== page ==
TomorrowWorld coming to Chatt-Hills

by Bradley Hartsell

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A glimpse of the massive crowds and elaborate stage that make the Belgium TomorrowWorld festival so popular.    

Next weekend, from Sept. 27-29, Chattahoochee Hills in south Fulton County will host the first United States incarnation of TomorrowWorld, what is claimed to be the most popular electronic music festival in the world. It is typically held in Belgium every year.

TomorrowWorld, like most festivals, is a weekend experience aimed at 20-somethings (TomorrowWorld is 21 and up only) and designed to get a mass of people “lost” in a vacuum of live music, trippy scenery and lots of beer. Concert festivals Coachella, Bonnaroo and Lollapalooza are the crown jewels of summer vacations for young people, but plenty of festivals are thriving underneath to build on a growing industry. This weekend, Atlanta’s Music Midtown is drawing thousands see bands like Red Hot Chili Peppers, Journey and Weezer.

There are critics who feel these are soulless and overdone corporate money grabs. In many cases, people are paying anywhere from $200-400 to sit in the hot sun, wait in long lines, go without showers or clean bathrooms, and listen to bands in not-very-ideal conditions. There’s certainly a lot to be cynical about, but people keep going and it’s a boon to artists who are looking for a good payday in a time where it’s getting harder to justify being a full-time band. With nobody buying music like they used to, the music industry seems to be held together with tape and wire.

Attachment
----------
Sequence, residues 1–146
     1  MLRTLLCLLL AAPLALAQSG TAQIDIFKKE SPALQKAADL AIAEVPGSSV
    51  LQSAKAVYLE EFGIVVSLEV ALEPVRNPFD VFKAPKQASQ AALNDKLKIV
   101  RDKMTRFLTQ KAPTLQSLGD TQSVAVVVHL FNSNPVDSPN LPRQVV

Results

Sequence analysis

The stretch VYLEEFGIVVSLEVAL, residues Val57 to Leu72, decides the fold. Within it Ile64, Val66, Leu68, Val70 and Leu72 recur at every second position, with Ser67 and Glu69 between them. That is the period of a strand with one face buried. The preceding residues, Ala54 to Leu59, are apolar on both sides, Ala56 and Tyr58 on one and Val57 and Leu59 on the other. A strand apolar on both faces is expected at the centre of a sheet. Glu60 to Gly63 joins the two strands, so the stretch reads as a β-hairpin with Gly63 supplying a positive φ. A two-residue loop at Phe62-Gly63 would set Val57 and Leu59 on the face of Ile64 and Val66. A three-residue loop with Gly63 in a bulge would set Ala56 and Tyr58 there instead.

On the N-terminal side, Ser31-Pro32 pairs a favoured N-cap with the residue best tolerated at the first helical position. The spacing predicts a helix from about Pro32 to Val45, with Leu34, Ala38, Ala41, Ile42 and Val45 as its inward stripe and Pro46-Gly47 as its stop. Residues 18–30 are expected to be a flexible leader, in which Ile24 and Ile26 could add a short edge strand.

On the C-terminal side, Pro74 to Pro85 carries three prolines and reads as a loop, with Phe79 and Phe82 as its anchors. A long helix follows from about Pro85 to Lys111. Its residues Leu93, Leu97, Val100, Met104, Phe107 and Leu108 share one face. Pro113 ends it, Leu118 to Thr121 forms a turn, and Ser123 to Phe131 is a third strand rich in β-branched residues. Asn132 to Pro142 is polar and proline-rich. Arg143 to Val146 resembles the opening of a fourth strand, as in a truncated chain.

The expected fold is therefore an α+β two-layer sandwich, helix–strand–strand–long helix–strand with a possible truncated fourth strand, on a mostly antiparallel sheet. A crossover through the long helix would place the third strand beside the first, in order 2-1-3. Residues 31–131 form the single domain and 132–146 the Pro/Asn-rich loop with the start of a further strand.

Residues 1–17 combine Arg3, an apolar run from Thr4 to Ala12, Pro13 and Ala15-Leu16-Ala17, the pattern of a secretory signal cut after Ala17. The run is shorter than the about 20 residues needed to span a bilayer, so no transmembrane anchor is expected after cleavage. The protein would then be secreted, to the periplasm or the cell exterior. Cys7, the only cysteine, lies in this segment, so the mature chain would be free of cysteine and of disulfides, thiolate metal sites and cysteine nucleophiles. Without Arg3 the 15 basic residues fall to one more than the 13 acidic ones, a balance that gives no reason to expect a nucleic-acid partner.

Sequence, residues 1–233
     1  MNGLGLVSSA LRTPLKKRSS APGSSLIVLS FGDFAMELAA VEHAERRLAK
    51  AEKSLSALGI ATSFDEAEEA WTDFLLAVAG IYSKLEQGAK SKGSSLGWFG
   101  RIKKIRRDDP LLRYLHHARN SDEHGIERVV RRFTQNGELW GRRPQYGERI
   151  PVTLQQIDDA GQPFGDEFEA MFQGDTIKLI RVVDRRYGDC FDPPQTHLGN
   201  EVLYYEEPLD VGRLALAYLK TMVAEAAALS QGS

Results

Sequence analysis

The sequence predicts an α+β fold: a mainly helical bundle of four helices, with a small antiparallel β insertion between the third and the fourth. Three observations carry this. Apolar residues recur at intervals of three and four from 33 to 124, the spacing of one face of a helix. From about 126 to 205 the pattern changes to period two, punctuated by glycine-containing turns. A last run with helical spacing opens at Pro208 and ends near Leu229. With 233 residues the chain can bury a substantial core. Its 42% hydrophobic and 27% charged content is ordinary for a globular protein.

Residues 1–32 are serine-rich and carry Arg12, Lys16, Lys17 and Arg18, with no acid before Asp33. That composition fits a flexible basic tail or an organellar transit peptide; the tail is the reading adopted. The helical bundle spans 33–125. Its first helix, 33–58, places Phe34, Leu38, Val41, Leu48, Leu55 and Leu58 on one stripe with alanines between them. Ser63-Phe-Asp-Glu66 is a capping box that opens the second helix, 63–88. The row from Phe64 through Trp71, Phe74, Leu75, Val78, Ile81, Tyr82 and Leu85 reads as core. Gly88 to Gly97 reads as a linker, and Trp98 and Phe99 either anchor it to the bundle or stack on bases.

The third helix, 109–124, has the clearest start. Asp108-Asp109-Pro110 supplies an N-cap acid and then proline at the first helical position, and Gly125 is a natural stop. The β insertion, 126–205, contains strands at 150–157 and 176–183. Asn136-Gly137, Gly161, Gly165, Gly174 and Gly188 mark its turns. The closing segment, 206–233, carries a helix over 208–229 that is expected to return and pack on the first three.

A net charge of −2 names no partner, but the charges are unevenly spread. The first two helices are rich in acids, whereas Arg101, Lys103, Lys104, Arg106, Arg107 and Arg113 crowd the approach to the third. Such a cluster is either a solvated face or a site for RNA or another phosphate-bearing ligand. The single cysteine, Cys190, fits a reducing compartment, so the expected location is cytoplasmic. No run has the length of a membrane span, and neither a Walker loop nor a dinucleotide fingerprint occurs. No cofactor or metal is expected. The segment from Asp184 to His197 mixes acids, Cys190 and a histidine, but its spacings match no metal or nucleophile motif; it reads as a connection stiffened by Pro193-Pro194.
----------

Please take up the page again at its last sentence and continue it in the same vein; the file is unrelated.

TomorrowWorld Facebook commenter Martin Ryan defends and praises the festival.

“Stop the hate, spread the love. Best stage ever built, period!!!!!!! Might not be as busy as Belgium but the finer details will all be in place..... I got my tickets!!!”

TomorrowWorld claims 90 percent of its tickets are sold out, and with an outrageously elaborate set that brings “Alice in Wonderland” to mind, the festival seems just as bulletproof to the cynics as any other major music festival. Another Facebook commenter, Daniel Lacaba, says, “very few stages compare to TomorrowWorld…”

What’s interesting about TomorrowWorld is how well it’s appearing to do with just electronic music. Coachella and Bonnaroo bring headliners like Paul McCartney or The Police to appeal to a broad base of popular music fans. There’s a very likely chance you won’t recognize any of the performers at the festival. In Europe, electronic music is king and it’s led to TomorrowWorld winning numerous awards, including six last year — such as "Best Music Event Worldwide" and "Best major European Festival.”

Electronic music in the United States has become extremely popular, as it’s the basis for almost every popular song on the radio, but ultimately that’s just the identity of pop music now. TomorrowWorld is not pop music by any stretch. It’s DJs blasting dance music to thousands of people.

So, you may not have heard of Rusko or Gramatik, and the whole idea of a music festival may seem as foolish as their critics claim they are. But the fact is, 90 percent of tickets are sold and counting, and no matter how much the music festival format might not make sense, Chattahoochee Hills is coming alive with the upcoming event.



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